In his 2007 documentary Banished, filmmaker Marco Williams examined four examples of primarily white communities violently rising up to force their African-American neighbors to flee town. This became one of the techniques used to sabotage Black land ownership, a devastating trend in the 19th and 20th centuries that robbed Blacks of millions in generational wealth.
In 2001, results from an 18-month investigation of Black land loss in America were published by The Associated Press. It turned up 107 of these land takings, 57 of which were violent, the other cases involved trickery and legal manipulations. Here are eight of these heartbreaking stories.
Today, the town of Birmingham, Kentucky, lies under a floodway created in the 1940s. But at the start of the 20th century, it was a thriving tobacco town with a predominantly Black population. It also was a battleground during a five-year siege by white marauders called Night Riders.
On the night of March 8, 1908, about 100 armed whites on horseback raided the Black part of the town, shooting seven people, three of them fatally. The AP documented 14 cases where Black landowners were driven from Birmingham. Together, they lost more than 60 acres of farmland and 21 city lots to whites – many at sheriff’s sales, all for extremely low prices.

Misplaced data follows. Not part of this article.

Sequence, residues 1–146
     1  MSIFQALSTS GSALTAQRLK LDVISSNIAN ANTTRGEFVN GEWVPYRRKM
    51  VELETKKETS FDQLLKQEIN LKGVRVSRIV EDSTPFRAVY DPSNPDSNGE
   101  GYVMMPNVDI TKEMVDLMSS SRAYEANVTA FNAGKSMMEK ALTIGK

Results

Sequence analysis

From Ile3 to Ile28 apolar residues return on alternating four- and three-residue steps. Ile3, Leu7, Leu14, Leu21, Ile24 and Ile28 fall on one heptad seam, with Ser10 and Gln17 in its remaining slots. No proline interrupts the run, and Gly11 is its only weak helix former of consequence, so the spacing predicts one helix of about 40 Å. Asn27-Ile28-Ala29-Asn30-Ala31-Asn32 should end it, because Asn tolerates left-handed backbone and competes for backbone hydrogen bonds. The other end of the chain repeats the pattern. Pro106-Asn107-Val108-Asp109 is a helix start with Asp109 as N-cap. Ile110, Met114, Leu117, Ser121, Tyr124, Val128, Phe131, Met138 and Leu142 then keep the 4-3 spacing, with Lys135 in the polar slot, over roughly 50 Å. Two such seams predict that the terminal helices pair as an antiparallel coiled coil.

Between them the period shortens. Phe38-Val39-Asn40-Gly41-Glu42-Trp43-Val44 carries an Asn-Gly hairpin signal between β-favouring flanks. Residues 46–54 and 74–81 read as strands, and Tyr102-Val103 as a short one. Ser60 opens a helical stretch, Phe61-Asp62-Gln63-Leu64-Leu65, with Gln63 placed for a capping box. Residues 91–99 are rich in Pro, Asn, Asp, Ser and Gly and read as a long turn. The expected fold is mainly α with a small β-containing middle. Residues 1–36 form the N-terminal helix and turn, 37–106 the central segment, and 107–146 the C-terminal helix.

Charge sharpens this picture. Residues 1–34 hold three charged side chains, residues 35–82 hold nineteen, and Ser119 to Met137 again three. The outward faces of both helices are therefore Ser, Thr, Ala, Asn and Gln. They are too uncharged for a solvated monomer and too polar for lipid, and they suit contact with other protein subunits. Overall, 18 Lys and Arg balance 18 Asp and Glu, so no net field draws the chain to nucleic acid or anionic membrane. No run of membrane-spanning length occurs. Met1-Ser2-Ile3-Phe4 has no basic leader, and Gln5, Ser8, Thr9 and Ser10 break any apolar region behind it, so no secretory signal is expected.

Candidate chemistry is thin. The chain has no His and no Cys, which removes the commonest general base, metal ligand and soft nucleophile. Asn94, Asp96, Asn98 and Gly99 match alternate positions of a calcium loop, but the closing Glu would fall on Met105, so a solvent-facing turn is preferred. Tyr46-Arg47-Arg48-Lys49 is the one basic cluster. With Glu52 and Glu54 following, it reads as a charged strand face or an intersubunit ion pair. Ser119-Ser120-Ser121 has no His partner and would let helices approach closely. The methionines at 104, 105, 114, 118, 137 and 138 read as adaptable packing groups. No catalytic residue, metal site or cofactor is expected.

Pierce City, Missouri
In Pierce City, Missouri, 1,000 armed whites burned down five Black-owned houses and killed four blacks on Aug. 18, 1901. Within four days, all of the town’s 129 African-Americans fled, never to return, according to a contemporary report in The Lawrence Chieftain newspaper. The AP documented the cases of nine Pierce City Blacks who lost a total of 30 acres of farmland and 10 city lots. Whites bought it all at bargain prices.